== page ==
The ruins on the planet appear Egyptian on closer inspection, as well. While there, Captain Kirk is possessed by what appears to be the spirit of an ancient Pharaoh, and begins to subvert the crew to follow his new royal directives.
Gil Kane (“Green Lantern”) draws Marvel’s “Star Trek” #15, with Martin Pasko continuing as the writer.
Nice artwork from one of comics’ classic artists as Kirk, Spock and McCoy must infiltrate an alien prison and rescue a commodore’s son. Lots of action and intrigue, and even a moral, even if it gets pretty preachy at the end. One of the better of the “Star Trek” issues in this series.
Martin Pasko writes “Star Trek” #16, where he’s joined by penciller Luke McDonnell and inkers Gene Day and Sal Trapani.
The Enterprise has traveled to the planet Valerian to provide medical checkups to the Federation colonists of the planet. The colonists appear to be missing, but the planet does have an ample supply of trolls and gnomes in funny hats.
I really had trouble getting past the gnomes.
There’s a cool Walt Simonson cover on Marvel’s “Star Trek” #17, which marks the return of writer Mike W. Barr to the series, where he’s joined by penciller Ed Hannigan (“Cloak and Dagger”). Inkers are Tom Palmer and Dave Simons.
Priority orders have drawn the Enterprise to Goran IV, where a crashed probe could create a compound that could prove fatal to the planet’s inhabitants.
Spock, Kirk and McCoy go planetside and attempt to remain incognito, but they are suspected as witches and devils by the rulers of the time and captured. It’s up to a small child and an astronomer to help them contact the Enterprise, in order to drop the antidote and save the planet’s inhabitants.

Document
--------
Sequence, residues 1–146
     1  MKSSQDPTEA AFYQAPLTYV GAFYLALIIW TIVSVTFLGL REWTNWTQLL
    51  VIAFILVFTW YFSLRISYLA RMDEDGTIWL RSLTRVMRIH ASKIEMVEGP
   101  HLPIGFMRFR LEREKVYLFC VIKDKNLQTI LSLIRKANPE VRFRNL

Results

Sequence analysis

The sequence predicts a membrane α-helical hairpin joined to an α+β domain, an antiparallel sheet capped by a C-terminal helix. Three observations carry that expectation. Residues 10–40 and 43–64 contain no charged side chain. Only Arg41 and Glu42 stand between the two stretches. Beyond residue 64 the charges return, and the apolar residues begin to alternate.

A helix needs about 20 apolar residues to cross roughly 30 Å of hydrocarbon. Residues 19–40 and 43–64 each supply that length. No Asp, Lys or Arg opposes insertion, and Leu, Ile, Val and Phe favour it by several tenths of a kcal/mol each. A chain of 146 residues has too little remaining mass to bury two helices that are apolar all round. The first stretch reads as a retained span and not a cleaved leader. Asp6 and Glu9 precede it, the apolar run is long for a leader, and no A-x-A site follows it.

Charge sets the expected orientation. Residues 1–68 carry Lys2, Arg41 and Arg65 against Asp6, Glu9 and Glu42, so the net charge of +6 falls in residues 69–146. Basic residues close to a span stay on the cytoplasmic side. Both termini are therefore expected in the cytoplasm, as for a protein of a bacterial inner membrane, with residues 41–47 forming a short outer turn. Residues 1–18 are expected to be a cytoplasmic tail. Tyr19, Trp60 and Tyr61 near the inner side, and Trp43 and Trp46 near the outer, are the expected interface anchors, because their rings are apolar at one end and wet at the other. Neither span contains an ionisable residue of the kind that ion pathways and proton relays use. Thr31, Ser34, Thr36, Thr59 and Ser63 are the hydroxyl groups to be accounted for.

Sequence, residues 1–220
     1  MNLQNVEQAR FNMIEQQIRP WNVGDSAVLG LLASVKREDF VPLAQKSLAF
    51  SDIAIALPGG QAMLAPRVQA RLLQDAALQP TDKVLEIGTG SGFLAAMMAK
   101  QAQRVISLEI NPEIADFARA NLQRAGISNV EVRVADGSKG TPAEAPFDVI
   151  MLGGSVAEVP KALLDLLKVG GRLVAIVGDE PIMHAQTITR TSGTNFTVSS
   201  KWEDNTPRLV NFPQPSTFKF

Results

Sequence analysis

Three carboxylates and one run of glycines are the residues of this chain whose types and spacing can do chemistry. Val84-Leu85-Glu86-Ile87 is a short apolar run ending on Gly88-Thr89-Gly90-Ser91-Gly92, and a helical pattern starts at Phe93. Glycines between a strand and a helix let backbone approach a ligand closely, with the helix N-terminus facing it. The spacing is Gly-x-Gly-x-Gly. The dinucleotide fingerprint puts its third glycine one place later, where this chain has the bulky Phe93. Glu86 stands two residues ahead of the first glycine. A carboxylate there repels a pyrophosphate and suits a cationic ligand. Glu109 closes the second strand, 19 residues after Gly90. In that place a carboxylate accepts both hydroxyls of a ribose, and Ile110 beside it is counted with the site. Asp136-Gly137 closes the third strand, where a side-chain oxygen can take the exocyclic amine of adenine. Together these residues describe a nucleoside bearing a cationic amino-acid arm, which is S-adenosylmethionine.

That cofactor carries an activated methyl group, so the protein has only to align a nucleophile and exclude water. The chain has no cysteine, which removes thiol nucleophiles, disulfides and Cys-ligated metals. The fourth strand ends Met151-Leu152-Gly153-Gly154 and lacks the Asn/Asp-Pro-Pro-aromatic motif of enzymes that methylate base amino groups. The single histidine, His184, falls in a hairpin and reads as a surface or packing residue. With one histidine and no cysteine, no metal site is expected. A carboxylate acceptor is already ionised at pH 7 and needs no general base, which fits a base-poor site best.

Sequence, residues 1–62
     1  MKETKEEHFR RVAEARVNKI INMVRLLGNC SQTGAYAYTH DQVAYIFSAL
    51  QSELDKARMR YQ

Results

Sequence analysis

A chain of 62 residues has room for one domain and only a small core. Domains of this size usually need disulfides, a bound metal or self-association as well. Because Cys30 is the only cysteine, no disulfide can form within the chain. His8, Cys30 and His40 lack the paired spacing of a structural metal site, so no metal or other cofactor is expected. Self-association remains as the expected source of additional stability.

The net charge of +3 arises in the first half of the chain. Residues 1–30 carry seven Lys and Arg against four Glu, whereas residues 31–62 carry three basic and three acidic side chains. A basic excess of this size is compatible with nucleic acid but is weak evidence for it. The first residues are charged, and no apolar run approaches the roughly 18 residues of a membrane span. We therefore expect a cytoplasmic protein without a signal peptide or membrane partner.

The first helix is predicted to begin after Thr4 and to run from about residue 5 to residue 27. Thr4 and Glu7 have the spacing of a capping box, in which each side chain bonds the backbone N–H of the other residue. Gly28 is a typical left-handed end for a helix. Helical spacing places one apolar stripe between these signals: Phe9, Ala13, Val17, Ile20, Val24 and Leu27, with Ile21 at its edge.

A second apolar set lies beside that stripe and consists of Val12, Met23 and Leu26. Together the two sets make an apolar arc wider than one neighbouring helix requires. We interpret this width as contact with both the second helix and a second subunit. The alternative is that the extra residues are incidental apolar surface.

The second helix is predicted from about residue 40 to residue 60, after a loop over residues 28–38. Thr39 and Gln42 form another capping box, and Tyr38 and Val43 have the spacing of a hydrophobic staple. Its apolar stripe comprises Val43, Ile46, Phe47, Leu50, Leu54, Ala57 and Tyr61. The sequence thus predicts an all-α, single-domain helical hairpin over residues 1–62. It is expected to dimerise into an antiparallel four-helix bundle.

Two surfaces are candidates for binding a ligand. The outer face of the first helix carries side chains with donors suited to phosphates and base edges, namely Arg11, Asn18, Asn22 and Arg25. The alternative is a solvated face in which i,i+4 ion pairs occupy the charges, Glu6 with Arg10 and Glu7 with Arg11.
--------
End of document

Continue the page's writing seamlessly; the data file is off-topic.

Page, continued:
The alien planet is awfully similar to Earth of the past, but I suppose that’s a bit of a Trek trope at this point. The art, for the most part, is pretty good.
“Special Last Issue Collector’s Item,” proclaims the cover to Marvel’s “Star Trek” #18, and while that’s sometimes true — the last issue of Marvel’s “Star Wars,” for example, is one of the hardest to find in the series — it seems an odd thing to trumpet on the cover.
On the inside, writer J.M. DeMatteis joins artists Joe Brozowski and Sal Trapani as the Enterprise encounters a huge mechanical construct in space. Aboard is the Sustainer, apparently a giant robot of sorts, who teleports Kirk and Spock to the huge world-ship and tells them that he requires something of them – one of them must die.
A quirky and somewhat trippy issue, which fits in with DeMatteis’ work of the period. Ultimately, a fine way to close out the Marvel Comics run of “Star Trek.”
- Matt Price
Comics read in 2011: 204. Still to go: 1807